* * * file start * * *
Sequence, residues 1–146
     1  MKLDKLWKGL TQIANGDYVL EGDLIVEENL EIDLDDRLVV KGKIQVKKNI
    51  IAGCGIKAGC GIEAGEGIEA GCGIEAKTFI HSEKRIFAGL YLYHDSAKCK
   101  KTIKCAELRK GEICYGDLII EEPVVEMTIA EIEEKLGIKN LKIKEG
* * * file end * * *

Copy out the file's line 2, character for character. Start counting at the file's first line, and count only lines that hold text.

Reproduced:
     1  MKLDKLWKGL TQIANGDYVL EGDLIVEENL EIDLDDRLVV KGKIQVKKNI